We need the funding to provide a local safety net, say councils

TOWN hall chiefs are calling on the Government to grant them the funding they need to provide a “vital” local safety net for hardpressed residents.

Ahead of next month’s Spending Review, the Local Government Association (LGA) has called on the Chancellor of the Exchequer to “fully fund” councils in their provision of support for low-income households.

The LGA also wants the Government to better evaluate how local financial support can reduce the demand for other high-cost public services, such as health, housing and social care.

The organisation, which represents councils in England and Wales, says that millions of such households face financial difficulty, growing rent arrears and debt, which is adding to the pressures local authorities face.

The LGA has published a new report, Reshaping Financial Support, which sets out how – despite the pressures – councils are working with low-income households to improve the provision of advice, and amending debt collection practices.

It says that it plans to deliver some pathfinders with partners and councils later in 2019 to take forward the report’s recommendations and further develop and explore local approaches to strengthening and delivering financial support.

“In spite of financial challenges, many councils are still finding ways to provide direct and indirect financial support to those in financial difficulty or at risk of financial exclusion because of the vital role it plays in preventing crisis and improving people’s lives,” said Councillor Richard Watts, chair of the LGA’s resources board.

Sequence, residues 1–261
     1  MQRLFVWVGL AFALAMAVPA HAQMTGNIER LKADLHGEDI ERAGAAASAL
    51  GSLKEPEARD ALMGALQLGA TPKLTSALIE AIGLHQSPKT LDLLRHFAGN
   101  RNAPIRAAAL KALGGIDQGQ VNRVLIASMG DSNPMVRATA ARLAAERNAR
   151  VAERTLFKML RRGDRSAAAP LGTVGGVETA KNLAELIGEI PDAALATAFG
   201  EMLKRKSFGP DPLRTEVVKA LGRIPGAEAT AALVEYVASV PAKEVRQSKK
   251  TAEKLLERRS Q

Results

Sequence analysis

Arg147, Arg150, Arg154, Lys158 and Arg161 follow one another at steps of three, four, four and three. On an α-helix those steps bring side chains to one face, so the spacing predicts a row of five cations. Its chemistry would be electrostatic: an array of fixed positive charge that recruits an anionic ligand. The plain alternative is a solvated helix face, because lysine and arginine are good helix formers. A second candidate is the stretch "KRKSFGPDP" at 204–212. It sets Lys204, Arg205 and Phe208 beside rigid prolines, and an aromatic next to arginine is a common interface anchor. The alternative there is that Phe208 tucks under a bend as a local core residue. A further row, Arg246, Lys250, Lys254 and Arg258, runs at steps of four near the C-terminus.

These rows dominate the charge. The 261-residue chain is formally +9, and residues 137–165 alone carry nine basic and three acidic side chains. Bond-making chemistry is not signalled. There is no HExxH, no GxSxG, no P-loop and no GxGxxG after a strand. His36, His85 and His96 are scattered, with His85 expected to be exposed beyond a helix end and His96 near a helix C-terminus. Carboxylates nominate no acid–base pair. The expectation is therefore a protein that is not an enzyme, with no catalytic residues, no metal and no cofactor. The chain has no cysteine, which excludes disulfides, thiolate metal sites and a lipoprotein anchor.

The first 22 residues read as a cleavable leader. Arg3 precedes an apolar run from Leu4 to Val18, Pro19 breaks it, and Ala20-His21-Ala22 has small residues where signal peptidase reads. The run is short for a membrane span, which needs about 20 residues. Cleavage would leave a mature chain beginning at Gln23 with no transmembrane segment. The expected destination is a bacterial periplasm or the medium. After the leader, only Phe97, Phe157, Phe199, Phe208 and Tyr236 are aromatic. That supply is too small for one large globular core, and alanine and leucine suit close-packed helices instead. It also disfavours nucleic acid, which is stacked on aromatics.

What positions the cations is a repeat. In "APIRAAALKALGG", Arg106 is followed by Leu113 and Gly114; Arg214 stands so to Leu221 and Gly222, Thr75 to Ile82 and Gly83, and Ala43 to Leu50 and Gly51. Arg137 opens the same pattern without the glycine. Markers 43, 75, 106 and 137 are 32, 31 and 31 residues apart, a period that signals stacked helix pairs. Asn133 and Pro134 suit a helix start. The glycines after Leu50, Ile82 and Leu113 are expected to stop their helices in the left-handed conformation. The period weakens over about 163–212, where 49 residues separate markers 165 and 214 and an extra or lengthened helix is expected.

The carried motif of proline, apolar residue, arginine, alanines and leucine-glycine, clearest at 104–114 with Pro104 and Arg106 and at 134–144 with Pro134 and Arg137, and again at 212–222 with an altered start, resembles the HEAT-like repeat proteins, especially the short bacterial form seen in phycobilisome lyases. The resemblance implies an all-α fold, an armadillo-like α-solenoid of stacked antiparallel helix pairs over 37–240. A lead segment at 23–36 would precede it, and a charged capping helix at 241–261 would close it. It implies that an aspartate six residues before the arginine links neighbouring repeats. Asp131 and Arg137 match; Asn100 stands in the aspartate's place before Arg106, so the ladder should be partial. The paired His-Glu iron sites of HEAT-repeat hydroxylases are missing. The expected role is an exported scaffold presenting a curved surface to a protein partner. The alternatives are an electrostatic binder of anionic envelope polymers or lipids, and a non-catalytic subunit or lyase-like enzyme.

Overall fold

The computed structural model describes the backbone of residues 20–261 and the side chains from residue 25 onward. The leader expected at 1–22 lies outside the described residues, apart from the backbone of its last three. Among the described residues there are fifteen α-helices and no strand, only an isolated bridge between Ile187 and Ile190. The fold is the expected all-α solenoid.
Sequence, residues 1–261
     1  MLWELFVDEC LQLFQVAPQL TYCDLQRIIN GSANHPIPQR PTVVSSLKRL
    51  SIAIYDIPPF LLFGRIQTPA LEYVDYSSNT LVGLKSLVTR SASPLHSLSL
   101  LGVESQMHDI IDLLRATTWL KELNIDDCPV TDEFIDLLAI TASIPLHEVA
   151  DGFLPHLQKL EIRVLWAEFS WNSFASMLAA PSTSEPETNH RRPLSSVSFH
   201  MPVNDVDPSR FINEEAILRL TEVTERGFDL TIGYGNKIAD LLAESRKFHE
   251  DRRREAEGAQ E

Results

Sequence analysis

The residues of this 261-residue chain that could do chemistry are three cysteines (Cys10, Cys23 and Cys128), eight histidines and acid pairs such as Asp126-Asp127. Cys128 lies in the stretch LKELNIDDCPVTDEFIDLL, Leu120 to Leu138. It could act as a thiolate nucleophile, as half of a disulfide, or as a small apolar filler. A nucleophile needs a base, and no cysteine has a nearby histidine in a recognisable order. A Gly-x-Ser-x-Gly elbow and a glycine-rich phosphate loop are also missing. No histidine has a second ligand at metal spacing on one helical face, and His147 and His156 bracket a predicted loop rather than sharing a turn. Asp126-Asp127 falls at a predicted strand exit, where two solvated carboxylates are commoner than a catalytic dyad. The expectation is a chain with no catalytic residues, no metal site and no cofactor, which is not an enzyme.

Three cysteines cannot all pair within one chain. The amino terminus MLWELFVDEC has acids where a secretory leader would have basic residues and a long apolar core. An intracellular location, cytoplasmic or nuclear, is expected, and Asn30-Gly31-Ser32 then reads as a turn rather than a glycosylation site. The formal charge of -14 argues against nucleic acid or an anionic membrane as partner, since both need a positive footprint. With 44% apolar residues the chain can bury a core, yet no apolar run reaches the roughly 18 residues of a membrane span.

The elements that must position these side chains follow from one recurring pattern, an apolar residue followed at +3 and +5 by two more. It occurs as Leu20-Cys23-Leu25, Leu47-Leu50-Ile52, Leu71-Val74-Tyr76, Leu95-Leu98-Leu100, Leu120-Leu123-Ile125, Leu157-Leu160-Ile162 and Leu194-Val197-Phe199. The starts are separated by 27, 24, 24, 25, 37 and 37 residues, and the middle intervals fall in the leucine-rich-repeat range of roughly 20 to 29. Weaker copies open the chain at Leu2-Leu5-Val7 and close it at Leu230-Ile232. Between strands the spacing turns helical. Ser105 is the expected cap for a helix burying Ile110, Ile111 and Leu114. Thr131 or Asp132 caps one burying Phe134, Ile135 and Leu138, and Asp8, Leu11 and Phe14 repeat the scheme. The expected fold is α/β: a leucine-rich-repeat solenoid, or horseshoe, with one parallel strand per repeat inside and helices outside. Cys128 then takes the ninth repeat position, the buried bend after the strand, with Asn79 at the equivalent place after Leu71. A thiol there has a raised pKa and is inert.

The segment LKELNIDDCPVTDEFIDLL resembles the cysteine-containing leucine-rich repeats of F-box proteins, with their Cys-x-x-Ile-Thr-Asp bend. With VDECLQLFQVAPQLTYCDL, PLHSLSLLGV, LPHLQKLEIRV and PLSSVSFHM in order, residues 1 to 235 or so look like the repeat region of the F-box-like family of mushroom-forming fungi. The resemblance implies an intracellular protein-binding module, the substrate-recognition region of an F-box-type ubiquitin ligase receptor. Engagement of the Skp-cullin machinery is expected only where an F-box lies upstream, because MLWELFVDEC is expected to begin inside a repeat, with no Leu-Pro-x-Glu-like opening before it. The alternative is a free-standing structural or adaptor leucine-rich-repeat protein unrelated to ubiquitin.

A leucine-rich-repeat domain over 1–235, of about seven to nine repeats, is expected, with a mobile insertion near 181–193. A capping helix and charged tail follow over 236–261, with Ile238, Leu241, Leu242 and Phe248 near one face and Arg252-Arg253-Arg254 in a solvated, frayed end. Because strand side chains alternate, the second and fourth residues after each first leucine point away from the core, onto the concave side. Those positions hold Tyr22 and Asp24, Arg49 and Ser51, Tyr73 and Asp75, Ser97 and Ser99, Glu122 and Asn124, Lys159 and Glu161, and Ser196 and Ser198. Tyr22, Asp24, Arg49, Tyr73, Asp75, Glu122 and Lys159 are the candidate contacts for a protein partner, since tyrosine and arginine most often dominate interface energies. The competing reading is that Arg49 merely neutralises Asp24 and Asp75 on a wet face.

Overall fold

“It also reduces the need for more costly interventions, for example, housing, health and social care services.

“This is becoming increasingly difficult and huge concerns remain about the future of local welfare funding into the next decade.”

Councils used to receive specific government funding for local welfare schemes but this stopped in 2015, the LGA points out. It was being used to pay for short-term crisis support, to support people through change, for example moving on from a period of homelessness, and to prevent financial hardship.

Having lost 60p out of every £1 it had from government to spend on services since 2010, the LGA says that providing crisis payments and in-kind support to those in need from local budgets has become a “stretch too far” for many councils.

This has led to many having to either scale back or close these schemes completely in recent years.

Councils have received £800 million to provide Discretionary Housing Payments (DHPs) to residents between 2015 and 2020. This is given by the Government to help support households affected by the removal of the spare room subsidy, Universal Credit, the benefit cap, and changes to Local Housing Allowance (LHA) rates.

However, this funding is increasingly having to be used to make up systemic shortfalls and there is no guarantee that it will continue itself after 2020.

“The reasons households get into debt or financial difficulty can be complex,” Watts added. “Debt is often a symptom of wider problems, as well as a cause.

“Councils need the resources and capacity to disentangle and address complex issues, focus on prevention and bring services together. Unless local support is effective there is a risk that we entrench poverty and its associated problems.

“It is vital that the Government’s forthcoming Spending Review recognises the importance of local support to achieving its wider aims in reforming the welfare system and improving outcomes for low-income households.”

NH

 

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